Bros. Van Eyck

- 1432 the altar was consecrated.
- 1521 Düurer mentions it in his diary as a very `delicious`painting.
- 1556 during the time of Iconoclasm in Gent it was hidden in the church tower and then later in the city hall.
- 1586 it was returned to the church, St. Bavo and then two hundred years later the Puritan, Joseph II visited the city of Gent and was offended by the nudity of Adam and Eve panels. They were therefore outlawed and taken to the library of the cathedral.
- 1794 during the French Revolution , the southern Netherlands were invaded by the French army and the four central paintings were taken away to Paris, Musee Central d Art.
- When Napoleon returned to France for the HUNDRED DAYs, the Bourbon King, Ludwig XVIII went into hiding in Gent. After Napoleon was beheaded, in gratitude for his treatment at that time, King Ludwig XVIII returned the paintings to Gent, where all pieces of the altar were reunited.
- 1821 the head of St. Bavo sold the altar wings to a Dutch merchant. The merchant then sold them to the British collector, Solly for 10,000 Gulden. Solley sold it for 400,000 Gulden to the Prussian King.
- 1861, The plates of Adam and Eve which had been lost for some time were recovered and purched by the Brussel Museum.
- 1914, at the beginning of the WW1 parts of the altar were in three different Cities, Brussels, Gent and Berlin. Shortly before the Germans invaded Gent the altar disappeared to safety.
- 1918 two weeks after the armistice the paintings were taken out of hiding. The Treaty of Versailles gave the opportunity of reuinting the entire altar in Gent. Article 247 obliges Germany to return six paintings from the altar to Belgium.
- 1934, it is discovered that the panel of 'The Righteous Judge' and its reverse, John the Baptist is missing. After a few days the Bishop of Gent receives a letter from the thief who asks one million Belgium Francs as ransom. He had separated the two paintings, putting the 'John the Baptist' panel in the baggage claim at the train Station. The baggage ticket was enclosed in the letter and the painting was retrieved. The other half, 'The Righteous Judge', was lost, although the thief, who was a businessman attempting to resolve bankruptcy confessed to the deed but died before disclosing the location of the painting.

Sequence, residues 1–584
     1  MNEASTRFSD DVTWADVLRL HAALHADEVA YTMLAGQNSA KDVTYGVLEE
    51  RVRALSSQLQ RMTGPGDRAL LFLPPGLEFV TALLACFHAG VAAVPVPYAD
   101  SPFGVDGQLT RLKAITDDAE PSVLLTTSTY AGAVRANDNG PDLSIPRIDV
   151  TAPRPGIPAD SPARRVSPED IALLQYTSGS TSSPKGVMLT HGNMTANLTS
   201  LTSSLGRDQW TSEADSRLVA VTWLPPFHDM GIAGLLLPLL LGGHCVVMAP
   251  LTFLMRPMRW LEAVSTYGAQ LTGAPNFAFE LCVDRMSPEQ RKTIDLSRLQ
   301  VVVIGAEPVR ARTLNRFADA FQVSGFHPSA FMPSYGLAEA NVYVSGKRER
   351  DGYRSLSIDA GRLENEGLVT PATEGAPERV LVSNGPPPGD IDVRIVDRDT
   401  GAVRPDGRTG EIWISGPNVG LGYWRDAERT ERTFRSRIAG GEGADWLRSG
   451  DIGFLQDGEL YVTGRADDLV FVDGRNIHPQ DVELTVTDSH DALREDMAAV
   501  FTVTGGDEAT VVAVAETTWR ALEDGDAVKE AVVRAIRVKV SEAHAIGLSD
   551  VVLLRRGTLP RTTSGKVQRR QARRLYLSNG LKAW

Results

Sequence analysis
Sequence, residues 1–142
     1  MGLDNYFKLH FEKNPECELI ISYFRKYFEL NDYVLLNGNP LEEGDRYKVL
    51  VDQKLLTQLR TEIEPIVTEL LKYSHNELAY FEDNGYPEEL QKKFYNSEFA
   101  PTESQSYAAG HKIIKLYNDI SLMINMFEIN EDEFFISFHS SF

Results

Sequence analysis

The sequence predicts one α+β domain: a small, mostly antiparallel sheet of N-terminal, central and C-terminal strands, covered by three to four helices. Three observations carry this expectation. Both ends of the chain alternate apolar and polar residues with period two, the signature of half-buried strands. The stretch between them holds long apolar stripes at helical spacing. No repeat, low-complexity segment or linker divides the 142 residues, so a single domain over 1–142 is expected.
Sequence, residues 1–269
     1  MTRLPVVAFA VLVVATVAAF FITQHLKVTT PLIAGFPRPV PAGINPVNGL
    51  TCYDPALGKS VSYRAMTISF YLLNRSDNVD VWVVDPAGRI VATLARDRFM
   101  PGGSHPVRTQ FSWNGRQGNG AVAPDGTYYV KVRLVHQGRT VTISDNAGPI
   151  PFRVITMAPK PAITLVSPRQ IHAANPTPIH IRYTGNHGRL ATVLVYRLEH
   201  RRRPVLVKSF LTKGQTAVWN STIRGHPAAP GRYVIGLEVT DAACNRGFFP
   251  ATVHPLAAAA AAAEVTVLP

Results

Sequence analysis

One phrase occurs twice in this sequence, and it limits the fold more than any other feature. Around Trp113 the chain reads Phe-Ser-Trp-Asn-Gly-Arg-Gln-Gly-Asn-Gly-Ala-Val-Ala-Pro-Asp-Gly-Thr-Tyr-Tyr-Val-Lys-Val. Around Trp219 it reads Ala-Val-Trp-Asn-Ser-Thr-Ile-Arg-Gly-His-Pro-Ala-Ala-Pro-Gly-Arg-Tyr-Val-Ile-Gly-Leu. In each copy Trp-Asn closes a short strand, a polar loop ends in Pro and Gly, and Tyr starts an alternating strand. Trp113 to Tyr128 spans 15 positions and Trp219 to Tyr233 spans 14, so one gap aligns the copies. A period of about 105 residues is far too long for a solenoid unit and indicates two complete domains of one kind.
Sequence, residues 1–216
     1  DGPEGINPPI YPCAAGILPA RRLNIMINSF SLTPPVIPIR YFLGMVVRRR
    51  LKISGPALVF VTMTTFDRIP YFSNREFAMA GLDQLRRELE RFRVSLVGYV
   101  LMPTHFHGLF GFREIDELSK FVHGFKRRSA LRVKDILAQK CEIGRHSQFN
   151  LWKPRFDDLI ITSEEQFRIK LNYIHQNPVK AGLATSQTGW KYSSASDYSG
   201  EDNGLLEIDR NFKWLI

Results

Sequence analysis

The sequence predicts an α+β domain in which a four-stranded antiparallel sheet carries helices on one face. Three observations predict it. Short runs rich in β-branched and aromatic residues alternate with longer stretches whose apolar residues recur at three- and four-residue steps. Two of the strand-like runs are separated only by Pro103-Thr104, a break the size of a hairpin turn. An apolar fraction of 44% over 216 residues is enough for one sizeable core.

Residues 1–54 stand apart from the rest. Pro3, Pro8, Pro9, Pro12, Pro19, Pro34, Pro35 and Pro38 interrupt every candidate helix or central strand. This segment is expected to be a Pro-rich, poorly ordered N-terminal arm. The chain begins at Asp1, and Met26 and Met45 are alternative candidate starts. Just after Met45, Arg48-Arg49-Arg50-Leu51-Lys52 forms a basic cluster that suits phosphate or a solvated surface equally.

- 1940 the Germans again march into Belgium. The Belgium government wants to protect the altar in the Vatican, however, Italy's entrance into the war on the side of Germany makes this impossible. France offers Belgium instead the Pau Castle. However, the hiding place does not remain concealed from the Germans.
-1942 Adolf Hitler gives the order to bring the altar to Schloß Neuschwanstein.
-1944 When the Schloss is no longer secure from aerial attacks the altar is taken to the salt mine of Altaussee.

The painting was taken by the Nazis inside the salt mine at Altaussee where, in the middle of the mineral chamber, they had built a pavillion of wood to store art works. The panels were stored and maintained there with much care. However, the largest panel, 'The Adoration of the Lamb', could not be put there because it was too large to pass through the narrow tunnels leading in and out of the cavern.

1945 - the altar was put into the collecting point in Munich and from there taken to Brussels. On the day it was transported to Brussels security was so high that no other airplane was allowed to enter or depart from the airport. In Brussels the altar was given ceremoniously by the Americans to the Belgium Prince.

(Extracted from Kubin, Ernst: Sonderauftrag Linz, Vienna, 1989)

Since November, 1945 the altar (12 oak panels with 26 individual paintings, 350x243 cm closed, 350x450 cm open, 1432) is again at its place in Gent at St.Bavo.